Sweet, buttery roasted acorn squash, savory crispy sausage, caramelized onion and garlic get tossed in a luscious and creamy, sherry sauce with ribbons of pasta and Parmesan cheese! The best part? It's done in 30 minutes(ish), and it's a no-side-dish-required kind of dinner. That means less dishes too.
it's a fast, one dish dinner
This pasta dish is a busy weeknight family dinner hero. The reason being, it's super fast and easy to make and you don't need a side dish to go with it. It's a complete, one dish meal because it's got the meat, the vegetable, and the carbs built right in. Toss it together, make it rain Parmesan, and do a *chef's kiss* with your finger tips. *Mwah!*
it's a great date night dinner too
You don't have to spend all day in the kitchen to present a beautiful dish that will impress the object of your affection. Let this pasta seal the deal on date night. It can be very easily dressed up with a final garnish of Parmesan and thyme sprigs. Try using a vegetable peeler to shave pretty little ribbons of Parm right off the wedge before serving. So fancy. Cue the googly eyes.
If you really want to do something extra special, and you've got the time to roll out your own homemade pasta dough, cut wide ribbons of pappardelle; ¾ inch-1 inch in width. Otherwise, stick with store bought wide ribbon pasta like pappardelle or tagliatelle.
choosing a good acorn squash
Acorn squash is a winter squash, with very tender skin, and a very sweet, buttery taste. It's incredibly delicious. In some places acorn squash can be found year round, but most acorn squash can be purchased beginning in fall through the winter months. Check your local grocery store or farmer's market.
Choose an acorn squash that is deep green in color and doesn't have too much orange on it yet. A little is all right, but too many orange patches indicate an overly ripe squash that will likely be dry and stringy compared to a younger, tender dark green squash. The skin will also be the the best when it's dark green and dull. This article from The Spruce Eats explains a bit more on how to choose the best acorn squash, and what to avoid; in addition to storing this winter beauty.
roasting acorn squash
Once you've picked out a nice acorn squash, Cut the top part off where the stem is connected. Cut it in half horizontally, and remove the seeds and stringy parts with the edge of a spoon. Just like when you carve a pumpkin.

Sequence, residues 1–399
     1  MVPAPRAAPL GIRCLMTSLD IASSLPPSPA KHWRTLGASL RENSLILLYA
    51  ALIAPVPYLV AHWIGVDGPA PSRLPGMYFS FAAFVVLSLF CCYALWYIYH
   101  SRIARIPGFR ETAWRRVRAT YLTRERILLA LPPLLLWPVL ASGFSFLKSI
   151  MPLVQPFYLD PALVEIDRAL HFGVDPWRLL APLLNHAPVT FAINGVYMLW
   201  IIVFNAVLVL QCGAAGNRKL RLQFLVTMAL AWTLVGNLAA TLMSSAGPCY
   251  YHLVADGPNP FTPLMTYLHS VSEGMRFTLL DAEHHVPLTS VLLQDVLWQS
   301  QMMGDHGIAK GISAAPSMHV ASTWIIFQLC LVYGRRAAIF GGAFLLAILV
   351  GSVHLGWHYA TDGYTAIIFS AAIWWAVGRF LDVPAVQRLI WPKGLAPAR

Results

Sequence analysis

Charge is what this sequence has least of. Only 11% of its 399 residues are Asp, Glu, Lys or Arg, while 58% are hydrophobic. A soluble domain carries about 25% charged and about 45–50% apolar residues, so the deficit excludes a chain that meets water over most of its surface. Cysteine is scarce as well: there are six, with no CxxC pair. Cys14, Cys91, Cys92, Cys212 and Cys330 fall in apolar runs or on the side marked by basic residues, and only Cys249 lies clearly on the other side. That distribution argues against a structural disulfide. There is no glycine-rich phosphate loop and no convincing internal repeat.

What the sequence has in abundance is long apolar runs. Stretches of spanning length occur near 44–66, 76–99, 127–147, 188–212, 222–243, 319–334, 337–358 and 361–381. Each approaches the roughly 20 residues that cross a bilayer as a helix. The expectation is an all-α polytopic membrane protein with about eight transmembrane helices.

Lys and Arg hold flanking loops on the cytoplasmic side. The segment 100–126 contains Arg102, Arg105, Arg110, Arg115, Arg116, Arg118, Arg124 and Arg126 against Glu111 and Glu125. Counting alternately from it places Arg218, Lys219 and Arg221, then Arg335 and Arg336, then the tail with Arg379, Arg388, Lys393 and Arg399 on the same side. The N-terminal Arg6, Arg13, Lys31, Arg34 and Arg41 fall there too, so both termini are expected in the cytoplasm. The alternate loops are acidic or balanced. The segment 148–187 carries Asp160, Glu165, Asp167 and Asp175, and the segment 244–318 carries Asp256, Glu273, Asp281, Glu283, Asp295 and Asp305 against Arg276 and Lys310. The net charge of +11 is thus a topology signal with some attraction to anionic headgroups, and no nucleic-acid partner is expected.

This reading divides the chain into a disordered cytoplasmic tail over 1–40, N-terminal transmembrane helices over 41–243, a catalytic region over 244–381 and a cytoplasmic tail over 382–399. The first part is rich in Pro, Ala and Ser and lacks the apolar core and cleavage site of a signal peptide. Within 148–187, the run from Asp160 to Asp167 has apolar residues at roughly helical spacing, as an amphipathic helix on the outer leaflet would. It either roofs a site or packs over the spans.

Cut each half into halves, and then wedges. Lie parchment paper (for easy cleanup, although not necessary) on a baking sheet and toss the wedges in olive oil, salt and pepper. Bake in a single layer for about 20 minutes, flipping halfway in between. Remove from oven and set aside.
prepare the rest of the dish
While the squash cooks, cook the pasta in salted boiling water. Make sure to reserve some of the starchy pasta water right before draining it. The starches in the water will help to thicken the other liquids and create an added creaminess. Simultaneously fry the sausage until about halfway cooked, drain if necessary. Add the the onion and garlic to it, and fry until the sausage is brown and crispy, and the onions caramelized. (If the sausage is still greasy, drain that and pat the pan with paper towels to absorb.)
Once the sausage, onions and garlic are done, and with the pan still on medium high heat, pour the sherry in the pan. This will give a "whoosh" sound (I love this sound!), and it deglazes the pan; which means it cleans the bottom of all the stuck on brown layer. This layer adds a ton of amazing flavor, and we actually want to bring that up and incorporate it. Wines add such a richness to sauces; it's one of the easiest ways to bump up the flavor of anything. You can substitute a dry white wine for sherry if you cannot find any. Avoid sweet wine. It's recommended that you use alcohol that you would actually drink to cook with. My grandmother says, "Don't cook with any wine that you wouldn't drink!" I have to go with my grandmother on this one, since she's probably the smartest person I know.